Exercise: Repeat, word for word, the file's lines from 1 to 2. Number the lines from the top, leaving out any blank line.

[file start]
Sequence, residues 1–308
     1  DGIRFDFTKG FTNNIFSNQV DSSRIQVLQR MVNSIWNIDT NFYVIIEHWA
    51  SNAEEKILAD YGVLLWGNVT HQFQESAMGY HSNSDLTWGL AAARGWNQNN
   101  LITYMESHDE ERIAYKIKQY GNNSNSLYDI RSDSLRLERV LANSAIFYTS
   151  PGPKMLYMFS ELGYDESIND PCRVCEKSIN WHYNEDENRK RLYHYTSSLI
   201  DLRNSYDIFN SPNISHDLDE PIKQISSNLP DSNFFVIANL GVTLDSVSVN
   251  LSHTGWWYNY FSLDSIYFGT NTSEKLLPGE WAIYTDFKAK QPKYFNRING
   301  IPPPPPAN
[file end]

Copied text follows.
Sequence, residues 1–308
     1  DGIRFDFTKG FTNNIFSNQV DSSRIQVLQR MVNSIWNIDT NFYVIIEHWA